MOVIE: *** (out of 5)
BLU-RAY EXPERIENCE: ***1/2 (out of 5)
Ed Harris as DEMI
David Duchovney as BRUNI
William Fichtner as ALEX
Lance Henriksen as MARKOV
Johnathon Schaech as PAVLOV
Jason Beghe as SEMAK
Studio: RCR Distribution
Directed by: Todd Robinson
BY KEVIN CARR
Years of watching movies for a living can lead a critic to be overly cynical. While I try to avoid that as much as possible, as it can suck the joy out of something you once loved, there are times when I can’t help but be so. The big hot button for me is the “Inspired by a true story” note that is tacked onto dozens of movies a year.
However, for a film like “Phantom,” it is entirely accurate and necessary to remind the audience that there’s a kernel of truth in it. Sure, there’s plenty of creative license taken with the film, but it deals with a lesser-known element of Cold War history that should make every American (as well as any citizen of any nation) shudder a bit.
The film tells the story of a Russian nuclear submarine that disappeared in 1968. Ed Harris plays the veteran captain, who is inexplicably sent back out to sea on a soon-to-be-retired vessel. Before they leave port, they take on a couple new passengers with little explanation. David Duchovney plays the leader of this new band of sailors, and once the mission is underway, their secret plan is revealed. Over the next few days, the submarine goes rogue, hunted by Russians and foreigners alike. The secret mission, that the captain fights against, just might start World War III.
The true element to this story is the fact that a Russian sub did, in fact, go rogue in 1968, and it was later found under very suspicious circumstances. There is little information about this incident, and writer/director Todd Robinson takes a lot of liberties with speculation as to what happened in that ship. However, as he explains in the special features on the disc, there’s a lot of evidence to suggest that the sailors on this ship were heroes that averted the apocalypse.
There aren’t a ton of submarine movies out there, but it does exist as it’s own little sub-genre (no pun intended). As far as submarine movies go, “Phantom” is well done, especially considering its limited budget. What helps things along is the excellent cast, with Harris throwing down a fine performance and William Fichtner backing him up well. Duchovney plays his role with his standard “X-Files” deadpan delivery, but for the most part it works in the film.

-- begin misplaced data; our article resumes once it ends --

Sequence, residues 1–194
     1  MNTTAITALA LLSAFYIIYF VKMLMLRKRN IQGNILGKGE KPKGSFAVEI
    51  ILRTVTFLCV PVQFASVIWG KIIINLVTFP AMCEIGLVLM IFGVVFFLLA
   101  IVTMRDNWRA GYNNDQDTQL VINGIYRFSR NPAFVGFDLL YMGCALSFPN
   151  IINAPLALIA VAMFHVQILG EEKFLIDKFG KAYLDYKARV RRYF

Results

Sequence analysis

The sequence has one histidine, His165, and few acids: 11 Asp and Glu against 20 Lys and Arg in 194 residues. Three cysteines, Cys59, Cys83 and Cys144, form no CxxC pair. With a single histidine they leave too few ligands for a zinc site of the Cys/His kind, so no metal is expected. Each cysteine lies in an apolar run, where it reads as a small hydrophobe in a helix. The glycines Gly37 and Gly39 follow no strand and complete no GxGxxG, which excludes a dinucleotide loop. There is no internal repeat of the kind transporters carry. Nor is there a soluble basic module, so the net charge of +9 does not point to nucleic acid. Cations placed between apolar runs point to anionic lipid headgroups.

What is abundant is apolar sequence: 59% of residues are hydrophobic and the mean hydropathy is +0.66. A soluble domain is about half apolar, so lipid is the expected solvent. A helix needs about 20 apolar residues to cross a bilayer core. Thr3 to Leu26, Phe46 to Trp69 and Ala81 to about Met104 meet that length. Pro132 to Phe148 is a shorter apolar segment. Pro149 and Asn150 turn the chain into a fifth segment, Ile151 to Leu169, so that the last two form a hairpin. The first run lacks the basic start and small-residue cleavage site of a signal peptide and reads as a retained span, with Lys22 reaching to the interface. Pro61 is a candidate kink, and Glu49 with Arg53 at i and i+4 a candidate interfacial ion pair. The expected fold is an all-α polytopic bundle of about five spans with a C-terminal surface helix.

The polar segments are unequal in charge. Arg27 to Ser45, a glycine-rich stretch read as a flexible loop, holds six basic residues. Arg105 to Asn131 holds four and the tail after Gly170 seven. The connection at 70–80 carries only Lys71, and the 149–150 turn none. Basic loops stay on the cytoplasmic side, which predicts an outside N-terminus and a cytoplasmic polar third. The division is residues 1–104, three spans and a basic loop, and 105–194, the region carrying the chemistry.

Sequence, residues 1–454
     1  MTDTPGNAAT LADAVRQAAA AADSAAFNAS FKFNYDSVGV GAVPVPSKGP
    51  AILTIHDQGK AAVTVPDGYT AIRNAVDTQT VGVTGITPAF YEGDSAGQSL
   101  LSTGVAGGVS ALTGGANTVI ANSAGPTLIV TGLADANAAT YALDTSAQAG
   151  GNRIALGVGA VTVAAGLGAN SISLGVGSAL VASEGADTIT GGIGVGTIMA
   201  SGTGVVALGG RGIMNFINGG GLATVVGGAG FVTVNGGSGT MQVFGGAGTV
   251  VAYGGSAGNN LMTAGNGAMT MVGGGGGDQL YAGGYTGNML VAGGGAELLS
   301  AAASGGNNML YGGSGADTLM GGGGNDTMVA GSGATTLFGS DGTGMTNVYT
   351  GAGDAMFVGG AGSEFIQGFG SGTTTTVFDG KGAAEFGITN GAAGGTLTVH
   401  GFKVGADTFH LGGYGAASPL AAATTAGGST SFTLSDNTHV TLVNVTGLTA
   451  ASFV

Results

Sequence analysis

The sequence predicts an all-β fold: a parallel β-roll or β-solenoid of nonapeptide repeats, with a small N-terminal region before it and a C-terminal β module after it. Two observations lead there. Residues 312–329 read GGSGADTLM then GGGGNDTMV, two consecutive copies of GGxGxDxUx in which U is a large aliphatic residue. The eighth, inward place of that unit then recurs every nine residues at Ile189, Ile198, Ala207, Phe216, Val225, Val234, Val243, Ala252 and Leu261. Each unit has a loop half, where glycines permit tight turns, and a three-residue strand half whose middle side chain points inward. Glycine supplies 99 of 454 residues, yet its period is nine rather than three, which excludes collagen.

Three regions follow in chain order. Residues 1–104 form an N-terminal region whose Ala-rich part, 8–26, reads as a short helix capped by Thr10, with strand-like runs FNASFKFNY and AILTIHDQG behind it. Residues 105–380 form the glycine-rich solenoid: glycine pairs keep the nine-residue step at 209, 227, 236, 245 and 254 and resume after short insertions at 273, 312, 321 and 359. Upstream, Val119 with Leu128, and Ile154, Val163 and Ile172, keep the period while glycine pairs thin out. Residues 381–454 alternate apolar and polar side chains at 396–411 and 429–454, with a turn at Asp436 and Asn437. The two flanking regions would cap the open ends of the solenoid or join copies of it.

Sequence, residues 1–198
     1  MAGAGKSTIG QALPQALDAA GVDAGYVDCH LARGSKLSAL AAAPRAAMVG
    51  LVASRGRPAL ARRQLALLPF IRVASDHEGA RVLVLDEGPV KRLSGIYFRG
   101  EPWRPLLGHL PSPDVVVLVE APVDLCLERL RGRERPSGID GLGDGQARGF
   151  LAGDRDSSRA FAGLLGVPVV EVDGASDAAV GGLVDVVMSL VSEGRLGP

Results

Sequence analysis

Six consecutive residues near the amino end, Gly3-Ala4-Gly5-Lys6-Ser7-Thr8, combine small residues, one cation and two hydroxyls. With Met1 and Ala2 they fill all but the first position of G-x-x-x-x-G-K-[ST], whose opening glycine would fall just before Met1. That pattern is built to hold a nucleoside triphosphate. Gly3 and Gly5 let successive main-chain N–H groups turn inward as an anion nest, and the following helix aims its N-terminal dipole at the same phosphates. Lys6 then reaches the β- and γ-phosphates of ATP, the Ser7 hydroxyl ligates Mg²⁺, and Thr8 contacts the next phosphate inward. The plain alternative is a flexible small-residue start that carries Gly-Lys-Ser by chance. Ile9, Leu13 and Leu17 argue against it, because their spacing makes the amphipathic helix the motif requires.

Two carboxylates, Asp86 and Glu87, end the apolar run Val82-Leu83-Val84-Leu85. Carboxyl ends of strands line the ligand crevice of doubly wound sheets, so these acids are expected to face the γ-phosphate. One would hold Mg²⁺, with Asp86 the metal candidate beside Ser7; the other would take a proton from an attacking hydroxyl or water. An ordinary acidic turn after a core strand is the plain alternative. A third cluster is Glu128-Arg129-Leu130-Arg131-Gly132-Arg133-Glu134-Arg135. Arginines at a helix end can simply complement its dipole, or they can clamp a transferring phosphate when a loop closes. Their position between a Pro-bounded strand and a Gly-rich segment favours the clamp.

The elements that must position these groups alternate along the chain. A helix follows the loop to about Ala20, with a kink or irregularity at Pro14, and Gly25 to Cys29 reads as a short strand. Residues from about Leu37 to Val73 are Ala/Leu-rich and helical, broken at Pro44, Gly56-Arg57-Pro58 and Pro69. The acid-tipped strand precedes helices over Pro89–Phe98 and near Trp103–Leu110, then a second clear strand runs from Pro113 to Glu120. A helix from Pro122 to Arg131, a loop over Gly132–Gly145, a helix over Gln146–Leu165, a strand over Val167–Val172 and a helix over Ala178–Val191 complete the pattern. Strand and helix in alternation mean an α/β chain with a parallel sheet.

There’s a modest disconnect in this movie between the underwater shots generated by computer and the in-sub shots, which are gritty and claustrophobic. Fortunately, Robinson sticks with the interior shots whenever possible, gaining a healthy dose of authentic production value by shooting the movie in an actual sub (something that would not have been possible with film cameras as little as ten years ago).
When limited by budget, a good independent film turns in on itself and spotlights the actors, and that’s where the meat is in this movie.
Still, there are some slow moments of set-up, and the title MacGuffin does feel a bit forced at times. However, for a less spectacular submarine movie, “Phantom” is definitely worth a look.
The bonus features on the “Phantom” Blu-ray are impressive more for quality rather than quantity. There’s a nice assortment, to be sure, but nothing that pops, formula-wise. There’s an audio commentary, a music video and three featurettes: “Facing the Apocalypse,” “The Real Phantom” and ‘Jeff Rona: Scoring Phantom.”
These featurettes are where the meat is. The first two featurettes lay out the real history behind the movie, which is somewhat shocking to discover. The third featurette shows how composer Jeff Rona achieved a unique score with found sounds collected off the actual submarine.